An Athletes Guide To Hydration

Kim – SLDL Lookin’ Good!

An Athlete’s Guide to Hydration
Guest Post from CFS Coach, Registered Dietitian and Sports Nutritionist Michelle Boutet! For More Information on Michelle’s Background and helpful Nutrition articles visit her website Fuel 2 Live HERE!

During prolonged, intense exercise, it is important to replace the fluid and minerals lost in sweat – especially on hot and humid days. The proper amount for rehydration will depend on intensity, and duration. For exercise that is very intense, leaves you drenched in sweat, or is an hour or longer and/or in extreme heat, water alone often is not enough. Rehydrating with large volumes of plain water can cause dangerously low sodium levels in the blood (hyponatremia). Reduce the risk of fluid-electrolyte imbalances with proper hydration by incorporating more salt in your diet, and/or by adding electrolytes. Below are guidelines for how much water to drink to optimize performance and improve recovery.

Summer Grinding

When How much
Pre-workout 2 to 3 hours before: 16 oz. (about 1 water bottle); 15 mins before: 8 oz.
During 4 oz. of fluid every 15-20 mins (2 to 3 large gulps)
Post-workout 16 to 20 oz. of fluid for every lb lost (1 to 1.5 water bottles per lb lost)
**This is in addition to drinking during the day

Goals of proper hydration:
– Aim to drink at least half your body weight in water throughout the day (increase on hot and humid days). Ex: 130 lbs. athlete  65 oz. water
– Start workouts in a hydrated state
– Maintain hydration throughout workouts
– Maximize performance
– Improve ability to recover quickly
– Minimize injury and muscle cramps

Consequences of dehydration:
– Performance declines with as little as 2 to 3 percent decrease in body weight from water (sweat) loss
– Increased core temperature and heart rate
– Decreased blood pressure
– Nausea and vomiting
– General feeling of fatigue
– Headaches
– Muscle cramps

Cool off and Hydrate Post-WOD

Hydration Tips:
1. Monitor your urine color. Clear to pale yellow (lemonade color) usually means you are hydrated.
2. Fruits and veggies are made mostly of water and are an easy way to increase your fluid intake. Plus, you get the bonus of vitamins and minerals!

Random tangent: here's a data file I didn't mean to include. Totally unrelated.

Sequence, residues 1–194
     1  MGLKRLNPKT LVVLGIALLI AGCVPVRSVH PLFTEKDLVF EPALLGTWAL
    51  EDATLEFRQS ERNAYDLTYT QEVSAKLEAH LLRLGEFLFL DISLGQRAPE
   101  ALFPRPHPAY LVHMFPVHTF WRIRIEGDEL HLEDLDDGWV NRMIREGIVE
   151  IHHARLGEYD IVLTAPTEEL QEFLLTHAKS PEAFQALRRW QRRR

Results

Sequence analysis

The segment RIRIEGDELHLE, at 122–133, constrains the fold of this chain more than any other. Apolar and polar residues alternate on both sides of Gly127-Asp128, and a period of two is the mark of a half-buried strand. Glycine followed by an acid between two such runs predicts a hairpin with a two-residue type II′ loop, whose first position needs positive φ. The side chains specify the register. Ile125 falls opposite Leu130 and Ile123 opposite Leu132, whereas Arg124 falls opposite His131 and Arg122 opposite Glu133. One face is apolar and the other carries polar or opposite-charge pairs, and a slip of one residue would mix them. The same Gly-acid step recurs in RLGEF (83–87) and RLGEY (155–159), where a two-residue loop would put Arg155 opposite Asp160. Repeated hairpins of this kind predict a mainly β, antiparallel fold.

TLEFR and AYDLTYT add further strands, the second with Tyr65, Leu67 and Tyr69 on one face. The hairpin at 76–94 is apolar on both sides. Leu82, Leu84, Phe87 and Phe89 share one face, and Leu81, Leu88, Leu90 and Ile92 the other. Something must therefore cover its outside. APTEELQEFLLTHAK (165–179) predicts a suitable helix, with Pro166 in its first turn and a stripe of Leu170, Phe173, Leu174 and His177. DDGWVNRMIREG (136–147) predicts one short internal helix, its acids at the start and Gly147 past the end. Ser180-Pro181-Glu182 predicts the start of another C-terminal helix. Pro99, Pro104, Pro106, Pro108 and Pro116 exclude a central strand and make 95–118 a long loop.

3. Weigh yourself before and after a workout to determine how much water/sweat you lost.
4. On hot days or before a grueling workout, don’t be afraid to eat saltier foods or add salt to cooked meals throughout the day. Replace fluid loss post-workout with watery foods that contain salt, such as broth-based soups or vegetable juice. (You can cook meats, rice, or veggies in broth for an easy way to increase your salt intake).
5. Other sources of water: popsicles, smoothies, juice, coconut water, sports drinks, and tea/coffee. Just watch extra calories.
6. Carry a water bottle so you drink water throughout the day.
7. Add an electrolyte tab, such as NUUN to your water post-workout for a quick way to rehydrate.

Warm Up
Partner Up!
P1- 15/12 Cal Bike
P2- Front Rack Hold
P1- 15/12 Cal Bike
P2- AMRAP Kettlebell Lungesters*

*Lungester = Reverse Lunge Right Side + Reverse Lunge Left Side + Thruster

Perform warm up with 2 kettlebells – scale weight back as needed or use light dumbbells for newbies

-Quad Rolling
-Pigeon Stretch
-Quad Stretch

1 Front Squat @ 90%

2 Rounds
30/20 Calorie Bike
150′ Double Front Rack KB Lunges (1.5 / 1 in each hand)
Rest 1:00

Level 3- Double Front Rack KB Lunges (1.0 / 0.75 in each hand)
Level 2- (1.5/1) 1 KB Goblet Lunges
Level 1 – (1/.5) 1 KB Goblet Lunge

Ski/Row sub – 35/30 Cals
Run Sub = 600m

Extra Work
GHD Sit Up
Ring Row
Hip Extension
Ring Dip

Scaled – 30-20-10

Bootcamp/Conditioning (6:30AM in Southie Green/4:45PM in Southie Orange)
Every 3 Minutes For 30 Minutes- Alternating
– 200m Sprint
– X Calorie Bike
– 250m Row
– x Burpee Box Jumps
– Should allow for 1 Minute rest give or take